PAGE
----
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Childhood respiratory illnesses and primary care

‘Big data’ study shows high impact of childhood respiratory illnesses on primary care practices

A study using ‘big data’ has found that childhood respiratory illnesses, especially during the first two years of life, have a big impact on New Zealand primary care general practice (GP) workloads.

The large cohort study of 36 primary care practices from the greater Wellington region looked at data from children presenting to their GP with respiratory illness, describing variation over six years.

The research led by Professor Tony Dowell from the University of Otago, Wellington showed that respiratory conditions constituted 46 per cent of all child general practitioner consultations with a remarkably stable year-on-year pattern of seasonal peaks.

“For the first time, using a new way of accessing the free text in GP notes, we have been able to investigate and measure impact on primary care practices of these childhood illnesses,” says Professor Dowell.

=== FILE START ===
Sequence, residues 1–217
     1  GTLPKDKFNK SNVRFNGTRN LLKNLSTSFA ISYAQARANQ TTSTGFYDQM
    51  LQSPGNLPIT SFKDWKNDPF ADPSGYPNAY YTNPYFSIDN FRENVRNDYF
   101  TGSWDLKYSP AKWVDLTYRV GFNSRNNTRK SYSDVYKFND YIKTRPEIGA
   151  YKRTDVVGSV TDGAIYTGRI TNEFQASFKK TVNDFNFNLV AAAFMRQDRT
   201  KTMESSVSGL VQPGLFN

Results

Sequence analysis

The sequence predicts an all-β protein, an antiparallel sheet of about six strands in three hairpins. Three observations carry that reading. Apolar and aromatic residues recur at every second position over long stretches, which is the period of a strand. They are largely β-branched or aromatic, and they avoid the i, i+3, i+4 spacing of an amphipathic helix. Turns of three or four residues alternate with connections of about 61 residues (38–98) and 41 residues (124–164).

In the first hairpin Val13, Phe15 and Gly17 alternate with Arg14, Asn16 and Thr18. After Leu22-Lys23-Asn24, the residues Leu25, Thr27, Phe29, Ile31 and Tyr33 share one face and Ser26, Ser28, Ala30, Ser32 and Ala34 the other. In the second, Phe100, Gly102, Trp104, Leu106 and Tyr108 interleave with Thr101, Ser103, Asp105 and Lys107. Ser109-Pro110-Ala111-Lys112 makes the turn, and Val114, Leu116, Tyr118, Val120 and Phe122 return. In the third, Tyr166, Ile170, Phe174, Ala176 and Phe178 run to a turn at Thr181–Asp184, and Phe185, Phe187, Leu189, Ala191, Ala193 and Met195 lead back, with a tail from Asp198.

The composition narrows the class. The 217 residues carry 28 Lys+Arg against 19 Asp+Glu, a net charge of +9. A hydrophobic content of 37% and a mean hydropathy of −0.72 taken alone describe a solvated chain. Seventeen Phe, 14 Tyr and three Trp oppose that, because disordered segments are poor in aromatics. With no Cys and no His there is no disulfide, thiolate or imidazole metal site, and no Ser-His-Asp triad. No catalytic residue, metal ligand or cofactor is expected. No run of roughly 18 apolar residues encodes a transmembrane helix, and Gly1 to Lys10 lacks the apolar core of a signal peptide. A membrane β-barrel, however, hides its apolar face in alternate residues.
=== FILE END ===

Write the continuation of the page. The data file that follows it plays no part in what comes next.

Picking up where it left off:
“The information will help towards more effective planning of ways of delivering health services leading to better health outcomes.

“The findings and methods have relevance to many countries, and the use of primary care ‘big data’ in this way can be applied to other health conditions,” he says.

The team reviewed the records from 77,582 children enrolled to estimate the presentation of childhood respiratory illness and service use. They analysed the data over six years from January 2008 to December 2013.

The researchers used a natural language processing software inference algorithm to analyse the large amount of data.

The research found that upper respiratory tract infection was the most common respiratory category accounting for 21.0 per cent of all childhood consultations, followed by ear infections (12.2 per cent), wheeze-related illness (9.7 per cent), throat infection (7.4 per cent) and lower respiratory tract infection (4.4 per cent).

Almost 70 per cent of children presented to their general practitioner with at least one respiratory condition in their first year of life. This dropped to approximately 25 per cent for children aged 10–17.

“This cohort represents 268,919 person-years of data and over 650,000 unique consultations,” Professor Dowell says.

The study appears in the British Medical Journal.


ends

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